Both men and women have to learn to speak up in order to take charge of their lives and cultivate meaningful relationships! This applies to school, work, business, family, and social events.
Mostly we use the same reasons for not speaking up, such as:
* I don't want to rock the boat - I want to keep the status quo
* I don't want others to have any emotions - be upset, scared, hurt, mad
* I don't want to hear what they have to say because I'm angry and when I'm angry, I'm convinced that my way is clearly the correct way
* I want to avoid conflict at all cost
* I don't want to be judged
But we pay a high price for stuffing it - by going silent, stonewalling, sulking, and withdrawing. We find ourselves at the mercy of the moods and bad behavior of others. In addition, and more importantly, we lose our joy, love, and peace -- the cornerstones of Attitude Reconstruction.
Where's my joy? Lost because I failed to honor myself by speaking up. I'm unhappy because I've sacrificed speaking my truth.
Where's my love? Instead of feeling connected and being part of the collective energy flow, I'm a million miles away. I feel isolated and different.
Where's my peace? This moment doesn't feel safe. I'm feeling anxious and defensive.
Here's a good example that illustrates the prescription I'm offering for how to speak up successfully. During a session recently, a wife was sitting on the couch with her husband. She was trying to share her health concerns with him. At her first pause, he started giving her his recommendations for a cure.
I leaned forward and said to her: "And when he's giving you his opinion, and that's the last thing in the world you want, with the sweetest most loving voice you can muster, say 'Honey, I just want to be listened to for a few minutes right now."
I continued to coach her by telling her that the key is to say it lightly and repeatedly until he stops and refocuses on what she is saying.
And what did the gal on the couch say after all that? "That would be new for me!" At an early age she'd learned to cope by going into her "serious brooding" mode and distancing herself. Her husband shared that he hated it when she did that.
1. Speaking up doesn't mean you get to hold onto the microphone and talk for as long as you want. Good communication and feeling connected has got to be shared fifty-fifty. Half the time, speak about yourself. The other half, listen lovingly to understand what the other is saying.
2. Talk about yourself and what's going on for you. This isn't "listen to me while I tell you about you." For both or all people involved, the focus is you sharing about yourself. That's how feelings of closeness arise. Conversely, when we give others unsolicited advice, we're traipsing around in someone else's territory without permission. This sets the stage for wars and animosity.
3. If someone interrupts you after you've stated you just want to be listened to (old habits die slowly), gently but firmly remind them that this is the time for them to just listen. Don't acquiesce and let them continue or you'll send the message that you don't mean what you say.
4. If your listener reacts with intense anger, simply say that this doesn't seem like a good time for you to share, so you'll revisit your topic at a more neutral time. It's hard to get good reception when someone is not open to hearing, so change the topic but remember you'll need to speak up sometime so as not to sacrifice your well-being.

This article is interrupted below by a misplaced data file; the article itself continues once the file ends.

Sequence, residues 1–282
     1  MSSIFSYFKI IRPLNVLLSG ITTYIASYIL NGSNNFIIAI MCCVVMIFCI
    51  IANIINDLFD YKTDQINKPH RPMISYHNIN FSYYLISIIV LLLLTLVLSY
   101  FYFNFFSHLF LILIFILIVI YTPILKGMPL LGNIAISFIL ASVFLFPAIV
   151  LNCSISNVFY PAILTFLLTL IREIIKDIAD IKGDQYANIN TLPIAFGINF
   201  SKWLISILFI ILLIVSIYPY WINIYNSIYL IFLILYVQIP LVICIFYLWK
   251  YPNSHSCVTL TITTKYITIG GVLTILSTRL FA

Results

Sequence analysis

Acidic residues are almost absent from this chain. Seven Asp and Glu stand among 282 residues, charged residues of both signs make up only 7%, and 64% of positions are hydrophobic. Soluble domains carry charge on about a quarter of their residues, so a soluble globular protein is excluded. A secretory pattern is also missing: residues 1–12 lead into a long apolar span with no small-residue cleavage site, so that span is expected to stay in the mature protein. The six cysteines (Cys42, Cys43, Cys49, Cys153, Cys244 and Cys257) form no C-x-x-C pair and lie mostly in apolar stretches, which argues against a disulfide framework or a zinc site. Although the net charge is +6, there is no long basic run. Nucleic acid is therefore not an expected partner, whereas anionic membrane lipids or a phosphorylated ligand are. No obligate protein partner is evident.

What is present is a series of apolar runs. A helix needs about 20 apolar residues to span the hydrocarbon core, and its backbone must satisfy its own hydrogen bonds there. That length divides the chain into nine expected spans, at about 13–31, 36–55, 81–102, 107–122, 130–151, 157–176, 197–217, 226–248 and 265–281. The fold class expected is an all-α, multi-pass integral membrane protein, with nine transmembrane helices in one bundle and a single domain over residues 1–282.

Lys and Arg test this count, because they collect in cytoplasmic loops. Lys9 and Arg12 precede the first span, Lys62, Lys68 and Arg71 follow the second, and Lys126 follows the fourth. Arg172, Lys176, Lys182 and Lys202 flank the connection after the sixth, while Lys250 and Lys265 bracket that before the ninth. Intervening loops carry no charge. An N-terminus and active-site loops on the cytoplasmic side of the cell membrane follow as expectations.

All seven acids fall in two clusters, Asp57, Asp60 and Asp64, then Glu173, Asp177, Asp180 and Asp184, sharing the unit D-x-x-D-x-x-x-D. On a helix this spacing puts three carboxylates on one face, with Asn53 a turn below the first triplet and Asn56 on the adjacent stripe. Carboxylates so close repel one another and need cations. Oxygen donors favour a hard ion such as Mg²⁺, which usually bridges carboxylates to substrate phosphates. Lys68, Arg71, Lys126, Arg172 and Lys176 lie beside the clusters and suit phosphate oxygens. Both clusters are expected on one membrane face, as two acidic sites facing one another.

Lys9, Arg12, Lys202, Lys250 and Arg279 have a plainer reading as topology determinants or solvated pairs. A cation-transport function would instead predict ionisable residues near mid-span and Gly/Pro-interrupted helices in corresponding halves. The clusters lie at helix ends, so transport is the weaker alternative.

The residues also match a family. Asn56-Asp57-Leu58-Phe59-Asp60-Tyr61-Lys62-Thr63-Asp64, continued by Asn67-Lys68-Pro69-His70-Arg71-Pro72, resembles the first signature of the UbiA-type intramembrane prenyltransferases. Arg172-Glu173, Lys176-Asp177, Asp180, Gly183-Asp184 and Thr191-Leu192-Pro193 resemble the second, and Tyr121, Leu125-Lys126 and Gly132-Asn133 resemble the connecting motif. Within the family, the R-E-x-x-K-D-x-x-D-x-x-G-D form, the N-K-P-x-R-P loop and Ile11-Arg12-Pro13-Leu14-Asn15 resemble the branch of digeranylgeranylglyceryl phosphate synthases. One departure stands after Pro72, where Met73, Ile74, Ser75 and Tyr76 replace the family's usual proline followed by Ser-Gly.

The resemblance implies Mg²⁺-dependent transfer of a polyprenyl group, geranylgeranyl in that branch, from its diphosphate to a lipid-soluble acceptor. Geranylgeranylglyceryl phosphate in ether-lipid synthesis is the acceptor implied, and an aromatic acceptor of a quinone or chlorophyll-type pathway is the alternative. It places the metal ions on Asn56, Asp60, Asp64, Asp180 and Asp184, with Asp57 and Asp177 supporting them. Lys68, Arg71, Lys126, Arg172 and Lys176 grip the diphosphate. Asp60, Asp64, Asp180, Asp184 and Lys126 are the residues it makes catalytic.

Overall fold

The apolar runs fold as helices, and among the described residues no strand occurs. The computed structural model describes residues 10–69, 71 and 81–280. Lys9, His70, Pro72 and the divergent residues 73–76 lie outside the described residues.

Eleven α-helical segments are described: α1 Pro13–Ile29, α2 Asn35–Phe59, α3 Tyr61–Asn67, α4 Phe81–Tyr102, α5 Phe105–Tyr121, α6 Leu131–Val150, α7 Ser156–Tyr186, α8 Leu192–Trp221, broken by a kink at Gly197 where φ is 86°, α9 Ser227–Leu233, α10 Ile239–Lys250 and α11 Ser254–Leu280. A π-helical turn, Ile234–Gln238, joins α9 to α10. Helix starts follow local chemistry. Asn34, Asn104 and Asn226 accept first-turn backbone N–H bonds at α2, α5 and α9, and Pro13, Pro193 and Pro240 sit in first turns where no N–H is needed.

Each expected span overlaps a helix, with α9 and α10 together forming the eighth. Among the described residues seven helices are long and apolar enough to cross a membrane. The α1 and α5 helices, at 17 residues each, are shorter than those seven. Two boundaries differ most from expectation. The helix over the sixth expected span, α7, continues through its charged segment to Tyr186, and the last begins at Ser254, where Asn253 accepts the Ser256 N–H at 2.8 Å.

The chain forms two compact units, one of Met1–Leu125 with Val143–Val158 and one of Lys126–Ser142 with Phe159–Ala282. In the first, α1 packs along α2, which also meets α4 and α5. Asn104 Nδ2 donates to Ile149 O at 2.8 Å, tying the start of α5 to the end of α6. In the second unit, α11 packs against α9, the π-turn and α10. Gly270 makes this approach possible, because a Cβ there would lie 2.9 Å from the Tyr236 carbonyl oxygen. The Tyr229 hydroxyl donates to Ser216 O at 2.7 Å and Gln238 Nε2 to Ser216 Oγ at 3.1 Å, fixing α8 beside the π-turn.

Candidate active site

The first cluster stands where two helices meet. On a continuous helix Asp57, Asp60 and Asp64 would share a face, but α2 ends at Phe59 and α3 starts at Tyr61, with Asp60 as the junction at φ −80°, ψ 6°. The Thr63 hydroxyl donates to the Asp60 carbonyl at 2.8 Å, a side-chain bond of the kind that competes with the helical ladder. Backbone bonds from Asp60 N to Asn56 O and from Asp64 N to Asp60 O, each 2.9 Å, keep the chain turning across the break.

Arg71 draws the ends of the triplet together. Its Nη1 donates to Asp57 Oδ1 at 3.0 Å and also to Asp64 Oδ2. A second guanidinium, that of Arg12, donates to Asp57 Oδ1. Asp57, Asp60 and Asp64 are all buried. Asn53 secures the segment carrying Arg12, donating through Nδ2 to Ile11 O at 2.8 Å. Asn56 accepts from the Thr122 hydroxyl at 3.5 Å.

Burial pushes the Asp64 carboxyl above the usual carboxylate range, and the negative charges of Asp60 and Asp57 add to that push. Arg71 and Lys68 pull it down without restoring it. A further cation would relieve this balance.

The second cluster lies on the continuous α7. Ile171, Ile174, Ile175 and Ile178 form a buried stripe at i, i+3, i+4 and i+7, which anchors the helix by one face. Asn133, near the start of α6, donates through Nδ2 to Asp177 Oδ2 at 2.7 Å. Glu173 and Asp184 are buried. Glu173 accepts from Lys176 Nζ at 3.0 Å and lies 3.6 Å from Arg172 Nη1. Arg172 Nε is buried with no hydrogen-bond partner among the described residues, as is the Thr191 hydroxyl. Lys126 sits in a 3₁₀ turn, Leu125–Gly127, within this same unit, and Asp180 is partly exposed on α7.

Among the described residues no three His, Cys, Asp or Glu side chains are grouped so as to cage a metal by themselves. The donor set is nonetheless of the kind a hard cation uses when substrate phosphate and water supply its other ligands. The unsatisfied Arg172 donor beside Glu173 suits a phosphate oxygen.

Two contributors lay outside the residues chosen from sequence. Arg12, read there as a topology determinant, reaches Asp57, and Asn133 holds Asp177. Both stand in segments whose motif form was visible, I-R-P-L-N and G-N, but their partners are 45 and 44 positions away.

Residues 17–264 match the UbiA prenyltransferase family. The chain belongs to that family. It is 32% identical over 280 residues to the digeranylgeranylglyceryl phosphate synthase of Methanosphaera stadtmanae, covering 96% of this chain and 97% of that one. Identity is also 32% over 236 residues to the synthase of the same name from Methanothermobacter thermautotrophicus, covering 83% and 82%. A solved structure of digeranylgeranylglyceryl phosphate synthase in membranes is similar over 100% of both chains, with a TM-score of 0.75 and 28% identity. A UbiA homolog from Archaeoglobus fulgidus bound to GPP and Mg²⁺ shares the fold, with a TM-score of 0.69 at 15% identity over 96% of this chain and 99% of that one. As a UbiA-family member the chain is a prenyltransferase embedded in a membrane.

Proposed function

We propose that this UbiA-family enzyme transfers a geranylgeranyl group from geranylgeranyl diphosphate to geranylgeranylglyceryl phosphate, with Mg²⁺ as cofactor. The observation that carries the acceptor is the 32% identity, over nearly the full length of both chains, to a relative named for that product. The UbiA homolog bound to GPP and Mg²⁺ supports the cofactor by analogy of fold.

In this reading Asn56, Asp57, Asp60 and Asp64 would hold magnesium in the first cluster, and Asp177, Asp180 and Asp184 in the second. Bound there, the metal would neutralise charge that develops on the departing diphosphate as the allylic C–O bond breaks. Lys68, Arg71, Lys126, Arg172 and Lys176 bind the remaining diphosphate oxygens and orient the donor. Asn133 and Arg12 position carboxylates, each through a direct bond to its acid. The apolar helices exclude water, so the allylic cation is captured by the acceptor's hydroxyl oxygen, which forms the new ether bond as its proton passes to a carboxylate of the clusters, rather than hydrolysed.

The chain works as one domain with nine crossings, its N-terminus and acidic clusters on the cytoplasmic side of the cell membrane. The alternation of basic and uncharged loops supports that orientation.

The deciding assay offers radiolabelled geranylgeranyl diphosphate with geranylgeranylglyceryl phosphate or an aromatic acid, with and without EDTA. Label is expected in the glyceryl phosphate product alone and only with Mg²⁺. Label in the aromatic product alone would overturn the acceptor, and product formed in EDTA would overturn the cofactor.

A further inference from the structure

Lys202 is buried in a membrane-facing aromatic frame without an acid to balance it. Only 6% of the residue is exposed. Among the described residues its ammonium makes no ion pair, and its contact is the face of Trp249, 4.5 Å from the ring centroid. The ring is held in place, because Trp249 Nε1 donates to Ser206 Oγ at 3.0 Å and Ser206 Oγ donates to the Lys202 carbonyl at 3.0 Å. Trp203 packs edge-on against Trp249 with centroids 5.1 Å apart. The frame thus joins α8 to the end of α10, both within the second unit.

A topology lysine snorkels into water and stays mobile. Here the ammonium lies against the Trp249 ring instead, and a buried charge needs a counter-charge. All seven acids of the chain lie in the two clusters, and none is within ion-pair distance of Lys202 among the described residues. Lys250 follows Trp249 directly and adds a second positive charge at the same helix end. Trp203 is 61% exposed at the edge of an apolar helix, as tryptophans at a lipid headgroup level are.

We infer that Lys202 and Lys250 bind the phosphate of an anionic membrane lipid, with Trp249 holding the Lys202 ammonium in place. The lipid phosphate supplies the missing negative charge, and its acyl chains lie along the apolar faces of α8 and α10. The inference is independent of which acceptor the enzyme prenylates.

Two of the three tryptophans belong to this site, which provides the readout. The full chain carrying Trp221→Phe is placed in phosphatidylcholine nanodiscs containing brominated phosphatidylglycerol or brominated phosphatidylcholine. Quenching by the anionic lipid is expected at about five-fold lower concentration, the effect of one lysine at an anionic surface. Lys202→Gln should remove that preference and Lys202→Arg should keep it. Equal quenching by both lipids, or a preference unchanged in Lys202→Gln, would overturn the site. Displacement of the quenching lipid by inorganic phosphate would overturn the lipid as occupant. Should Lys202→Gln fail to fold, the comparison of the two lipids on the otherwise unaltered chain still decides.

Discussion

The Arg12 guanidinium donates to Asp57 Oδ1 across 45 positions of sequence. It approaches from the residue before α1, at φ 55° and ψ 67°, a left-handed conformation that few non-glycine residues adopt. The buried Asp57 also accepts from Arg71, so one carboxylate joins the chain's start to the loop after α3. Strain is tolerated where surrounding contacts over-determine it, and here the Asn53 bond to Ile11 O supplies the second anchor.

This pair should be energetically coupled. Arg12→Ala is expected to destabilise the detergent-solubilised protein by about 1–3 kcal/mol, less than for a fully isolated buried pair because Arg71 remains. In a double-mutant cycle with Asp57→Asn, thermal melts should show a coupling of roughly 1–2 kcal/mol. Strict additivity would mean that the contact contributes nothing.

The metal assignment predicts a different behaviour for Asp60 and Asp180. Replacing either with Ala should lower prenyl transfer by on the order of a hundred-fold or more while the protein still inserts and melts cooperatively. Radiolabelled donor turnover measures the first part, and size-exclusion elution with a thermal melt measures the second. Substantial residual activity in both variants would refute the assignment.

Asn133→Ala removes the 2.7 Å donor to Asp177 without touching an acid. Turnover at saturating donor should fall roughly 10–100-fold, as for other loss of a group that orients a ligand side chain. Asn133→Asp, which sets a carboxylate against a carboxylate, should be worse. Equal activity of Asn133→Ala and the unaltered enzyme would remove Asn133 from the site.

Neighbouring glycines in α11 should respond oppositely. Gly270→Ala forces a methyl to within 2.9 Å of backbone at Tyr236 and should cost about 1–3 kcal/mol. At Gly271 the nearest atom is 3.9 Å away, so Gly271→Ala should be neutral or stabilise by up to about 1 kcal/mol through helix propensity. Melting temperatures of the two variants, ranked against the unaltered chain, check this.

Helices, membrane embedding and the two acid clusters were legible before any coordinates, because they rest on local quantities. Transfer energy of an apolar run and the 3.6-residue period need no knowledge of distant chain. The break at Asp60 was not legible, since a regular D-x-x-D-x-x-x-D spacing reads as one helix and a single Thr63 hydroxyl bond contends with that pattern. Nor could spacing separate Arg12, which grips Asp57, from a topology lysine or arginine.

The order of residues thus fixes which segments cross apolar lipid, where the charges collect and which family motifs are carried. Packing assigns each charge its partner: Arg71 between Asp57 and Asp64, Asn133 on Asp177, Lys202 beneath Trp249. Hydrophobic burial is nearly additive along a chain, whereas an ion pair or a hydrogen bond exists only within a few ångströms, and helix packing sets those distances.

5. When you've finished what you want to say, you can solicit impressions, feelings, suggestions, or feedback, IF (and only if) you want them.
The biggest benefit is that we no longer feel like a victim and take personal responsibility for creating the quality of life we desire.
What we all really want in our social relationships, especially with family members, is to feel good about ourselves, to feel connected/share/feel part of a team, and know we're safe in our own little tribe.
I call these innate desires the Ultimate Attitudes. One attitude is associated with each of the three emotions -- joy, love, and peace. When we experience joy, we know that we are worthy no matter what. When feeling love, we know that we are all the same and accept our differences. And when feeling peace, we feel unshakably calm and rooted in our true essence. These are the three ultimate attitudes.
When the other person has coaxed you to talk or you finally speak up about something you know you've been avoiding, more joy, love, and peace await.
We all just want to be understood, aka listened to - to be seen for "us" as a worthy being. As scary as it can seem at first, I guarantee that speaking up will bring copious rewards and breakthrough moments. Be bold and give it a try. You will be more authentic and your relationships will deepen. You will find out who is on your side.
Here are your magic words to set the stage for you to speak up without interference:
"I just want to be listened to for a few minutes right now."
©2018 by Jude Bijou, M.A., M.F.T.
All Rights Reserved.
Attitude Reconstruction: A Blueprint for Building a Better Life
by Jude Bijou, M.A., M.F.T.
With practical tools, real-life examples, and everyday solutions for thirty-three destructive attitudes, Attitude Reconstruction can help you stop settling for sadness, anger, and fear, and infuse your life with love, peace, and joy.
Jude Bijou is a licensed marriage and family therapist (MFT), an educator in Santa Barbara, California and the author of Attitude Reconstruction: A Blueprint for Building a Better Life. In 1982, Jude launched a private psychotherapy practice and started working with individuals, couples, and groups. She also began teaching communication courses through Santa Barbara City College Adult Education. Visit her website at AttitudeReconstruction.com/
* Watch an interview with Jude Bijou: How to Experience More Joy, Love and Peace
* Watch video: Shiver to Express Fear Constructively (with Jude Bijou)